In many ways, of course, this was funny, in the way that the vast majority of teenage hooligan pretensions are funny, and yet even now I find it difficult to laugh at myself: half my life ago, and I’m still embarrassed. I like to think that there was none of me, the adult man, in that furious fifteen-year-old, but I suspect that this is over-optimistic. A lot of the fifteen-year-old remains, inevitably (as it does in millions of men)[….]

I was lucky […] that I nauseated myself pretty quickly; lucky most of all that the women I fancied, and the men I wanted to befriend […], would have had nothing to do with me if I hadn’t.[…] But there are football fans, thousands of them, who have neither the need nor the desire to get a perspective on their own aggression. I worry for them and I despise them and I’m frightened of them; and some of them, grown men in their mid-thirties with kids, are too old now to go around threatening to kick heads, but they do anyway.

For all the trouble that I had getting into this book, in the end I didn’t really want to leave the milieu Hornby had created, which was as much London and soccer matches as it was Hornby’s obsessions. As is my wont with all good books I read, as I got nearer to the end, I started to slow down my reading, putting distractions in place, dipping into what was next in the reading queue, all to delay the inevitable. If there was any hint of dissatisfaction at the end, it was only that the book ends in 1992 and I wanted the story itself to keep going, to reach into the present, a time that, even simply confined to English soccer, seems radically different than the time of Hornby’s book.


After finishing Fever Pitch I looked through my copy of Football Days: Classic Football Photographs by Peter Robinson, a “coffee-table” type of book of soccer photography from Robinson’s career. I had bought it last year (remaindered, and very cheap) but had never looked through the whole thing, perhaps because a lot of it was, like Fever Pitch was initially, hard to get into, so many unrecognizable faces, clubs, grounds, etc. But on this second look, I found that much of it was the perfect visual complement to Hornby’s book. While the photography spans several continents and events up to the 2002 World Cup in Japan and South Korea, football in England in the late 60’s and the 70’s makes up the heart of it.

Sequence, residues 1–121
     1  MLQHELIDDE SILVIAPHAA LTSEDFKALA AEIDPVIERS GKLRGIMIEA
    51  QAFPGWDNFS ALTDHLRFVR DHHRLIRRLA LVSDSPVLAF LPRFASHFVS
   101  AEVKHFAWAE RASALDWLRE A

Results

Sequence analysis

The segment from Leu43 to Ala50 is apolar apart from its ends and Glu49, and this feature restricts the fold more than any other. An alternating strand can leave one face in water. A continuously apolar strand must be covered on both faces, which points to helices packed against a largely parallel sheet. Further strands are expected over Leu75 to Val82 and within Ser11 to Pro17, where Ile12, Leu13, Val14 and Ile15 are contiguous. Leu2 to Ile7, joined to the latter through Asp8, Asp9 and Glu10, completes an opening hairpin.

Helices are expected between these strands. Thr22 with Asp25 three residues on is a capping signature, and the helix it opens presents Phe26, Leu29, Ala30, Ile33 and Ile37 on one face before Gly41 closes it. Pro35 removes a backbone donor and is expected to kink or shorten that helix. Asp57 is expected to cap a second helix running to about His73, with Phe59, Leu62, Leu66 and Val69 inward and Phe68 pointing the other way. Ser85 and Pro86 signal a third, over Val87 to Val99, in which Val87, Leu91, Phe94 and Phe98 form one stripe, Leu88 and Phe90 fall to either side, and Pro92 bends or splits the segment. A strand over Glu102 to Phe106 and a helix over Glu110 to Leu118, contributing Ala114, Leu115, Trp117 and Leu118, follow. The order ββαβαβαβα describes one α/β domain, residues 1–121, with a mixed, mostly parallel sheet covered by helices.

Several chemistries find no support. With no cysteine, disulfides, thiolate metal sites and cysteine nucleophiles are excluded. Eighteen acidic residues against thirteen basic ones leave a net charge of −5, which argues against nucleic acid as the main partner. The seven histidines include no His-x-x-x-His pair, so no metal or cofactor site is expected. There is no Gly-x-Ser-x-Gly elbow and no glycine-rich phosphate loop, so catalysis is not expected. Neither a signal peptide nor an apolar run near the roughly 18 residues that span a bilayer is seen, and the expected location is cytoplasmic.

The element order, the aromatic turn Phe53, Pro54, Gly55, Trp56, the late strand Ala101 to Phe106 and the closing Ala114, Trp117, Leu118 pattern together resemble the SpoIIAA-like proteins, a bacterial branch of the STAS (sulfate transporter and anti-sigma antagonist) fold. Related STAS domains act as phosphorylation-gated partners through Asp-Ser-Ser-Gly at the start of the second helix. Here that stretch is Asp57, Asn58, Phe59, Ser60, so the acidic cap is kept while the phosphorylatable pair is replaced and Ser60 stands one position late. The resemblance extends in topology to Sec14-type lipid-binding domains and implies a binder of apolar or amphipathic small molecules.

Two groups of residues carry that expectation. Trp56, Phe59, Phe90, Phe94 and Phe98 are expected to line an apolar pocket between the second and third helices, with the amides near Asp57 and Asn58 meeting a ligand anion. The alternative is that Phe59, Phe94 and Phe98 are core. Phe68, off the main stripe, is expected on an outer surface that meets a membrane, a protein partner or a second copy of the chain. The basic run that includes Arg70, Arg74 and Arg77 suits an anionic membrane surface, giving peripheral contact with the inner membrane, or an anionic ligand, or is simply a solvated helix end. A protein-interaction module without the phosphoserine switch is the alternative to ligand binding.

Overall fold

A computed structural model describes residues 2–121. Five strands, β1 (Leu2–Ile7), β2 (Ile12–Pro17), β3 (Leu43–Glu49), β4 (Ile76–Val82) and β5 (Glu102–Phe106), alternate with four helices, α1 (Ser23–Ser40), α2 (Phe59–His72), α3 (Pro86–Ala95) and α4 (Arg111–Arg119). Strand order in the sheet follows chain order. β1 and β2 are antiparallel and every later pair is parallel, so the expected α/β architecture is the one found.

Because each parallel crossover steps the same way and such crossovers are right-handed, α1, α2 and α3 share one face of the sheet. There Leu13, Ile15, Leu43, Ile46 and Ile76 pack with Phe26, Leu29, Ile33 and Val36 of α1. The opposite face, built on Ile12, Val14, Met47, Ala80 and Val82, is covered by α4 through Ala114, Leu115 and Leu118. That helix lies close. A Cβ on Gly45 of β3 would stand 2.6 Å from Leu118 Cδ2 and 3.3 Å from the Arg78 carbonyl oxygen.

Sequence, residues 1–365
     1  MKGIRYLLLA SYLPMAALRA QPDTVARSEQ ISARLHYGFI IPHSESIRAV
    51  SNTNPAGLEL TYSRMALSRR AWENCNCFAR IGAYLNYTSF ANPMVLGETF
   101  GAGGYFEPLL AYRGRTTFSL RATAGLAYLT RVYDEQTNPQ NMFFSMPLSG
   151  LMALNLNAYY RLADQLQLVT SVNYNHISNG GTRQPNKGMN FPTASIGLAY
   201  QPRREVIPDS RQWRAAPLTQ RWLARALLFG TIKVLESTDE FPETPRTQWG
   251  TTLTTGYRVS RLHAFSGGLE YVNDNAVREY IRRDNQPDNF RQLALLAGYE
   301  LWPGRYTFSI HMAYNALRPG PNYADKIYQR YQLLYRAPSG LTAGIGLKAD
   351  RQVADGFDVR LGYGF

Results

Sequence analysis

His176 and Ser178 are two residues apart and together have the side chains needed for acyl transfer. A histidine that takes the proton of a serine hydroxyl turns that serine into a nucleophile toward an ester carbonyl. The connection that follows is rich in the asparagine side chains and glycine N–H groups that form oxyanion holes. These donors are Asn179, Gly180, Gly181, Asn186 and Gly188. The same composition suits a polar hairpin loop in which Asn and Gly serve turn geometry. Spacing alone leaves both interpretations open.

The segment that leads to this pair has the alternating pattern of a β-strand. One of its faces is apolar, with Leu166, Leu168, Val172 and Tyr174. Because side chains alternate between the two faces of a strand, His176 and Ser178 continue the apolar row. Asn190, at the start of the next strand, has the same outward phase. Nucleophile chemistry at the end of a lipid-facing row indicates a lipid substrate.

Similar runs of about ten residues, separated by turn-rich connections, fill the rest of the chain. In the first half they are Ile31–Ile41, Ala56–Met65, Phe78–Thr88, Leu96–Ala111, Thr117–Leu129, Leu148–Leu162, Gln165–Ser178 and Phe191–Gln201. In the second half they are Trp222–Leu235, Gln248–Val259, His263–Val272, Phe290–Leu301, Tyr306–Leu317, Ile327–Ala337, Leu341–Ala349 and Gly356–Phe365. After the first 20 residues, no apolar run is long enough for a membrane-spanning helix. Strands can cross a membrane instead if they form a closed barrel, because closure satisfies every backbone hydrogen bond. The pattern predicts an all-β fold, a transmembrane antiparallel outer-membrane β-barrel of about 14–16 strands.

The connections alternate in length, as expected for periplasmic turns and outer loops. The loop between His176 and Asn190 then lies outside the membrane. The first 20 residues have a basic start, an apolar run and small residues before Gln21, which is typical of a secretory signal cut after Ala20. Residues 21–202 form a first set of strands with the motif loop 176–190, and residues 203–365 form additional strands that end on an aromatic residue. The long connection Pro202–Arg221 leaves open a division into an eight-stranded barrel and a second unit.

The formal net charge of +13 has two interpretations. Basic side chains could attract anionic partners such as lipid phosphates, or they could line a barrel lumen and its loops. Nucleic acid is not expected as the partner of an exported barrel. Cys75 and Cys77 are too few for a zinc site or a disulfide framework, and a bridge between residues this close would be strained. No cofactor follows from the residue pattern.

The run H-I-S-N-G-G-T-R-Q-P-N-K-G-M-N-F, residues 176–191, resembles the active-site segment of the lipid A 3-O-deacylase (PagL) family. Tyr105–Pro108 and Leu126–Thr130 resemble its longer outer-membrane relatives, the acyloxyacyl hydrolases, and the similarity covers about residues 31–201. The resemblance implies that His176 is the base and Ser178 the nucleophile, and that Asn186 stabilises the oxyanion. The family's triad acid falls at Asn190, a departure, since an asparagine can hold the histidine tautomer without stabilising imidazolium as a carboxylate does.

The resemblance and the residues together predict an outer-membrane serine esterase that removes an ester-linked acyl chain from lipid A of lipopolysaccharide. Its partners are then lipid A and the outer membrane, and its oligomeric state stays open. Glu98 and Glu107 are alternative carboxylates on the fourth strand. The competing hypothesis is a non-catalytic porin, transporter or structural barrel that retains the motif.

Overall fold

The photo shown below of the Arsenal team at Highbury circa 1969 (Hornby’s first match was in 1968) is from a section of photos titled “Home,” focusing on various grounds and stadiums, much of them in England, much of them pre-Hillsborough. (That tragedy eventually led to the conversion of most stadiums in England to all-seater venues.) Robinson’s photos really helped me to conjure up what it must have been like to attend matches at those places during the time Hornby’s obsession was being born. Beyond that, the photography (one needn’t append the qualifier “sports”) is excellent all throughout the book.

Arsenal team photo from Football Days book

2 Replies to “Nick Hornby: Fever Pitch

  1. Arsenal: original name was Woolwich Arsenal and based around an army garrison located in that part of London. Another story has it that they were only called Woolwich to start with and because the team was comprised of rather unfit army conscripts they were a little slow down the wings. They played to constant taunts from the crowd of ‘move your legs…arse ‘n’ all’.

  2. Thanks akikana… Sky Sports Football Yearbook says this: Formed by workers at the Royal Arsenal, Woolwich in 1886, they began as Dial Square (name of one of the workshops) [….] The club became known as the “Woolwich Reds” [on account of red jerseys] although their official title soon after formation was Woolwich Arsenal.”

    needless to say the story about unfit army conscripts isn’t nearly so prosaic!